Author Prof. E. Harms, University Department of Pediatrics Münster
80-90% of bacterial infections in the first 3 months of life are urinary tract infections (UTIs). 8 paediatric emergency departments in the UK and Ireland have now studied whether urinalysis strips have sufficient sensitivity and specificity for point-of-care testing (POC) to determine whether UTIs are likely or not.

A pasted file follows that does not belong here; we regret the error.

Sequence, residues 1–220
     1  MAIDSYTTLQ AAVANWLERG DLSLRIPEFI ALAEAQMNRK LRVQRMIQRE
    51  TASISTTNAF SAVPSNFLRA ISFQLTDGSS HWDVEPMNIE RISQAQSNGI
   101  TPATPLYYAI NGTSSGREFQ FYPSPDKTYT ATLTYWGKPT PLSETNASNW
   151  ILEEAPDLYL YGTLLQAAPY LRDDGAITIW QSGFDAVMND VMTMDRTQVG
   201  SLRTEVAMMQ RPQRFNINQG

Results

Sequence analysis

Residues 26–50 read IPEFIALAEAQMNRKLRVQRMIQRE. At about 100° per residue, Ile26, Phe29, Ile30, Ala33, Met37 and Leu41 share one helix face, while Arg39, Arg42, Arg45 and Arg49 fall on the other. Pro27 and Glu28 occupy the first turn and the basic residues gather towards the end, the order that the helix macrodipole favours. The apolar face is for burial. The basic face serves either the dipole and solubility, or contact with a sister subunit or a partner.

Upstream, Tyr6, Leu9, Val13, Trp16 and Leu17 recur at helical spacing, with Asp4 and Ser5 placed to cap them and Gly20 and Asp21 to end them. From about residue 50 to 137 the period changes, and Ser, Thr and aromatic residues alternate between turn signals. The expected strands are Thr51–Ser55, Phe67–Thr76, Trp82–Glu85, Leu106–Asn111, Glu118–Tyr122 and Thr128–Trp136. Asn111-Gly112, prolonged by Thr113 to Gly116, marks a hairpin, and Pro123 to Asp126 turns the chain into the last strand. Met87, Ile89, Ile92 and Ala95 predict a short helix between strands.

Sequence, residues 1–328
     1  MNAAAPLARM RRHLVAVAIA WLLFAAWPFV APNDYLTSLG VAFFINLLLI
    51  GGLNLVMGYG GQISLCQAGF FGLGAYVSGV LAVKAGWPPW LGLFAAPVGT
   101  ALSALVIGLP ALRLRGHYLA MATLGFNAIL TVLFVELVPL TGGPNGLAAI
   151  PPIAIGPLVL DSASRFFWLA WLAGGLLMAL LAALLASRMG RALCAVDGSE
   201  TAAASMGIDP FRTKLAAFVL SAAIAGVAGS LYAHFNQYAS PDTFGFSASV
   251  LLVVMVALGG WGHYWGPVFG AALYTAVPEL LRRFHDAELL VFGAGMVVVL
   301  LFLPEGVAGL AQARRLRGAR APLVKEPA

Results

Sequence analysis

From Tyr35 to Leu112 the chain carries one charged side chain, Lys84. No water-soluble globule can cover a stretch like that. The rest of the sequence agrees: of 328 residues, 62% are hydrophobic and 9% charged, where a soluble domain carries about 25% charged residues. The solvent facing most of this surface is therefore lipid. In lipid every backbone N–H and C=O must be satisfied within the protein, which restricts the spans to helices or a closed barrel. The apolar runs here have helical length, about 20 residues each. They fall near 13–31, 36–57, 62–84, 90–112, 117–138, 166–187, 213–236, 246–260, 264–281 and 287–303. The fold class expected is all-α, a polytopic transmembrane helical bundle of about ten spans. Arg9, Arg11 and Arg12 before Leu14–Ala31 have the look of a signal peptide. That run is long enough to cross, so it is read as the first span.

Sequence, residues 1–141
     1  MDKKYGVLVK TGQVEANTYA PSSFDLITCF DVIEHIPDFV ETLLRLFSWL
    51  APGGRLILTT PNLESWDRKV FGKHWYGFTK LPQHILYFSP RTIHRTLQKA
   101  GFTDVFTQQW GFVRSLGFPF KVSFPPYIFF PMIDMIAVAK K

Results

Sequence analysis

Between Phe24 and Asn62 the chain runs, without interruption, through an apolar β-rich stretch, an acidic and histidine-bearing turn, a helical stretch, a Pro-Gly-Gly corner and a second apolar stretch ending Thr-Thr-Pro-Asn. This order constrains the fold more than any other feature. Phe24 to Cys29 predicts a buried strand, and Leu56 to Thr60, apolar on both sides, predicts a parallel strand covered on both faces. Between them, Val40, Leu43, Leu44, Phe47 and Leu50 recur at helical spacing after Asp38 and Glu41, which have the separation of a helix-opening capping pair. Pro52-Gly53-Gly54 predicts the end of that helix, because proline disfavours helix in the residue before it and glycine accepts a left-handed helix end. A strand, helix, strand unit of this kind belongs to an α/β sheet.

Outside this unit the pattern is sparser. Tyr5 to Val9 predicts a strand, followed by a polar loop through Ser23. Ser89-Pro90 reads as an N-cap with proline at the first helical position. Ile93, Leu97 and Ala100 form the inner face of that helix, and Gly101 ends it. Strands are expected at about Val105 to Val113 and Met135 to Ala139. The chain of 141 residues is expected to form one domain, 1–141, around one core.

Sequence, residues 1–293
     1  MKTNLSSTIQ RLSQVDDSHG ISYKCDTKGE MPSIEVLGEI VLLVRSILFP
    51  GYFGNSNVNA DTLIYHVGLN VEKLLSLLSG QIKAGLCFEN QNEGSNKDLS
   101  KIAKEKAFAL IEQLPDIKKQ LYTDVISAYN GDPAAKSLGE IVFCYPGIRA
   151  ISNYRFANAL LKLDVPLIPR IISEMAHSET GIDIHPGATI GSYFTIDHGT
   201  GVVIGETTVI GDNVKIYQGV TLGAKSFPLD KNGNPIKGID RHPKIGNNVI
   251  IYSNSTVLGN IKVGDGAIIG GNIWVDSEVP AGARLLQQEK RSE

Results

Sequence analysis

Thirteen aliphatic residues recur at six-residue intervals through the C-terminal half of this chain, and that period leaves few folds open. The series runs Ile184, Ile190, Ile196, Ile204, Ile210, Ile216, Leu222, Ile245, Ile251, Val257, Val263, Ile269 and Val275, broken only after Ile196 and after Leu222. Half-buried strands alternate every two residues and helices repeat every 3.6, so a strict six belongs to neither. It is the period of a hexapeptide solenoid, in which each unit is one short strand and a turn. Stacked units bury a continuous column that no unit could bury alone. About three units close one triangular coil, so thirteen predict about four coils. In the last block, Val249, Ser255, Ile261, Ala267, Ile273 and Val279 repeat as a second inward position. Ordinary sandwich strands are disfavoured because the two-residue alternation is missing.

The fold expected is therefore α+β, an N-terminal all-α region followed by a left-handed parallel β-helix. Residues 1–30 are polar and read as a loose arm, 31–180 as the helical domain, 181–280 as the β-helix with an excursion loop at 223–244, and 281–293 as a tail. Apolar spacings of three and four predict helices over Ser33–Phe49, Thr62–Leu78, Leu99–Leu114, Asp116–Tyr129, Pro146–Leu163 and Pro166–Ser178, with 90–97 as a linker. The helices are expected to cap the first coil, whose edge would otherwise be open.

275 febrile children were enrolled in the study; their median age was 51 days. 252 clean-caught, fresh and 23 catheter-obtained urine samples were examined. The gold standard for the diagnosis of UTIs was ≥ 100,000 CFU/ml of a single bacterial species with microscopic evidence of leukocyturia. This meant that UTIs had been detected in 38 children of the study. With simultaneous POC testing for all children, the sensitivity and specificity of the urinalysis strip for detecting UTIs could be determined. The sensitivity for 1+ leukocytes was 0.87. The specificity for nitrite + was 0.91. This means that, in cases of leukocyturia and detection of nitrite – usually the case with the predominantly gram-negative pathogens – POC testing of UTIs has a comparatively high level of certainty according to these studies.